In this podcast series, Maratja Dhamarrandji tells Richard Trudgen it is the Balanda influence that is leading to law and order problems that are now being experienced in Yolŋu communities. It seems the Balanda approach to Yolŋu law is encouraging Yolŋu to put aside their traditional Madayin law. Yolŋu are now following bad examples of land-grabbing, usurping and taking away of people’s legal rights. Yolŋu see Balanda treat Yolŋu land and property like it’s vacant, belonging to no one, with no history. Through this influence, Balanda are showing Yolŋu a way of lawlessness and anarchy, by not respecting the original security of tenure or giving value to Yolŋu ownership of land or sea.
In the past, missionaries used to teach the Ten Commandments to Yolŋu. Yolŋu accepted this teaching as it was similar to their traditional teachings given to them by the Great Creator. Things such as, ‘don’t covet your neighbour’s goods’ and respecting what belongs to each corporate clan. A lot of confusion started back then, because on Sundays the missionaries were saying “don’t steal, don’t covet goods,” and then on Mondays they would tell Yolŋu to go out onto other people’s clan land and steal timber, fish and other resources. The missionaries were acting out of their own Balanda mindset, not understanding that Yolŋu had a highly developed system of law around land and resource ownership.
This influence from missionaries, government, and even up to the Northern Land Council, has left Yolŋu extremely confused. It is this same influence leading young people to do so many break-and-entries. Balanda think this lawless anarchy comes from Yolŋu culture but, as Maratja says, “there are two sides to every coin.”
Families used to take young Yolŋu offenders out to the islands and teach them discipline and Yolŋu law, but that’s not happening now. Instead, their main influence comes from Balanda, who think Aboriginal people just wander all over the land, never owning anything. They think everyone shares everything with everyone, but Yolŋu have a system of resource and land ownership. They have their gurrutu kinship system, determining which people have rights to and on certain lands. There has always been a very clear system of trade between corporate clan groups, and Balanda still don’t know anything about it.
The government talks about regional authority, “but they’re not talking to the right people, the political leaders, the dalkarra djirrikay,” says Richard. Instead, they just set up another system which leads to more lawlessness and corruption. Despite Balanda not wanting a lack of governance, fairness, or law and order, their actions create bad influences. Some Yolŋu think it’s good when they are recognised as having authority, and they feel good because the government is talking to them, but the government should be talking to the real dalkarra djirrikay. The ones who uphold the original Australian law. Otherwise, this lawlessness will continue.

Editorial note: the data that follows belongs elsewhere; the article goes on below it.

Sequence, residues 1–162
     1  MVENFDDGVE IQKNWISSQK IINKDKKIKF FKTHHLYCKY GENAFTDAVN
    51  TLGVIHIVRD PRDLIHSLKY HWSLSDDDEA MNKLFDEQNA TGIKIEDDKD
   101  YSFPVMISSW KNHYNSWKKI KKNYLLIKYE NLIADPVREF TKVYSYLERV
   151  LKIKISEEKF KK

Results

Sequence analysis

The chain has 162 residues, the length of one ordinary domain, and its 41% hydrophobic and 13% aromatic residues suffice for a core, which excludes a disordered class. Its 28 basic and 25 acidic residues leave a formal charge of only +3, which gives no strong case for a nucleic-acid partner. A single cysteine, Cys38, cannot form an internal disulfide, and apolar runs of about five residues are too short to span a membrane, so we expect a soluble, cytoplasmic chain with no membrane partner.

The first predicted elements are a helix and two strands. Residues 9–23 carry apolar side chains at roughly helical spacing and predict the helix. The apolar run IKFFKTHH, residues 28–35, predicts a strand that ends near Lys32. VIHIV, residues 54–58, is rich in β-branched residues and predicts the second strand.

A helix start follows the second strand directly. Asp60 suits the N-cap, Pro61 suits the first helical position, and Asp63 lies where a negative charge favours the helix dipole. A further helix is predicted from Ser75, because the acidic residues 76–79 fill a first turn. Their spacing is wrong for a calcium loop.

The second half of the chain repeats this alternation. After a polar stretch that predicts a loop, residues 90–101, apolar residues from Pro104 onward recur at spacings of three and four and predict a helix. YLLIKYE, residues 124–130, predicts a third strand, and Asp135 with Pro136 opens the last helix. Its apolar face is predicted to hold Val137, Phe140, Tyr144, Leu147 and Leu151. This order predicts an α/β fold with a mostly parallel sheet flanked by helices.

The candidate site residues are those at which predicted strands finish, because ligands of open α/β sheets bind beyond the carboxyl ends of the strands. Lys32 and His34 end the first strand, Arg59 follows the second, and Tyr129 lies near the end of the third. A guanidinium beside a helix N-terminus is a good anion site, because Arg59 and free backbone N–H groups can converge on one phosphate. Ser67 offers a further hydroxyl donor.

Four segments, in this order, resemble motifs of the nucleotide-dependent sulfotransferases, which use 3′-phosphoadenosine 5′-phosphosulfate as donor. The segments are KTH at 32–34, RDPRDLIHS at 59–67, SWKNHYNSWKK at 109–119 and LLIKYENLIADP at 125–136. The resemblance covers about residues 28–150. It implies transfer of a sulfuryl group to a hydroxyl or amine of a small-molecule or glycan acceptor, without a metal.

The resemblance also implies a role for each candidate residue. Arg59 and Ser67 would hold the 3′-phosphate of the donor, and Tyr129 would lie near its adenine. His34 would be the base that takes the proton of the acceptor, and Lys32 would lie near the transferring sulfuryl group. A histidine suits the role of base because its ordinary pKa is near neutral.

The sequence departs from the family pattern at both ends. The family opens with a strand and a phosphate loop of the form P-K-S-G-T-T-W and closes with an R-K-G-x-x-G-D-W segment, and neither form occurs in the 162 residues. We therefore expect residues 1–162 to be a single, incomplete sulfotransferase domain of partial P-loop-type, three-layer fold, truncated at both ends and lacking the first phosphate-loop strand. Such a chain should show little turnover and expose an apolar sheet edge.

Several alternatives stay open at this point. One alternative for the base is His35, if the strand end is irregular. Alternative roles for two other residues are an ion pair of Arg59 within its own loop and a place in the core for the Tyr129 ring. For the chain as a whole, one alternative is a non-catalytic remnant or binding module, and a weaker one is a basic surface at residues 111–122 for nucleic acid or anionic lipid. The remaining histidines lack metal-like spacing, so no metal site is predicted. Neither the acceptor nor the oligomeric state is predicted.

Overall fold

In the last story of the podcast, Richard tells Maratja about the time his idea about Yolŋu law totally changed. Back in the 1970s, he used to go fishing in the afternoons. One afternoon he tried to give some of his catch to some Yolŋu people. But an old man stopped him. “We dont want your fish,” he said. “Why not?” asked Richard. “I am not a thief,” said the man. Richard stopped, “what do you mean?” he asked. “This is their barramundi,” explained the old man, “it belongs to those people off that land where you got it.”
This concept was completely different to Richard’s thinking in relation to Yolŋu land and law. His Balanda training was that Yolŋu went hunting anywhere they wanted. After that day, Richard spent a lot of time with the old man, and he taught him about respect for people’s land and their assets/ property. The same continual Balanda attitude towards Yolŋu law (mostly confusion) has had a bad influence on Yolŋu. Many Yolŋu are now following that same Balanda way, to the point that the teaching of Yolŋu law, order and respect is now having no real effect on younger Yolŋu people.
Maratja talks about when Balanda come to Yolŋu land, they treat it as nothing, but when Yolŋu go to Katherine or Darwin, they get in trouble for walking on people’s land. They’re supposed to respect those yards and properties. So what does that say to Yolŋu? That there is a double standard – Balanda can go wherever they like. Some Balanda teachers teach Yolŋu children “you’re in a free country!” and Yolŋu interpret that to mean Australia is a lawless country, where you can go where you want, do what you like. Cross-cultural, cross language communication can be dangerous.
This continuous two-way confusion is affecting Yolŋu lifestyle, “people are being disempowered,” says Maratja. “How can we get back to mägaya, the big peace law?”
Note: Due to a lack of resources and time, the transcript of this series has not been finalised. This is done at our own time and cost. Because of the important nature of this subject, we will update this as soon as possible.
There are 4 Stories in this podcast. Please see time stamps below –
- Story No. 1 Balanda influence Yolngu to break the law 00:00
- Story No. 2 Missionaries spoke one way and acted the other in regard to law 11:50
- Story No. 3 Balanda creating the lawlessness on Yolngu communities 20:28
- Story No. 4 So much confusion around law and land ownership 29:50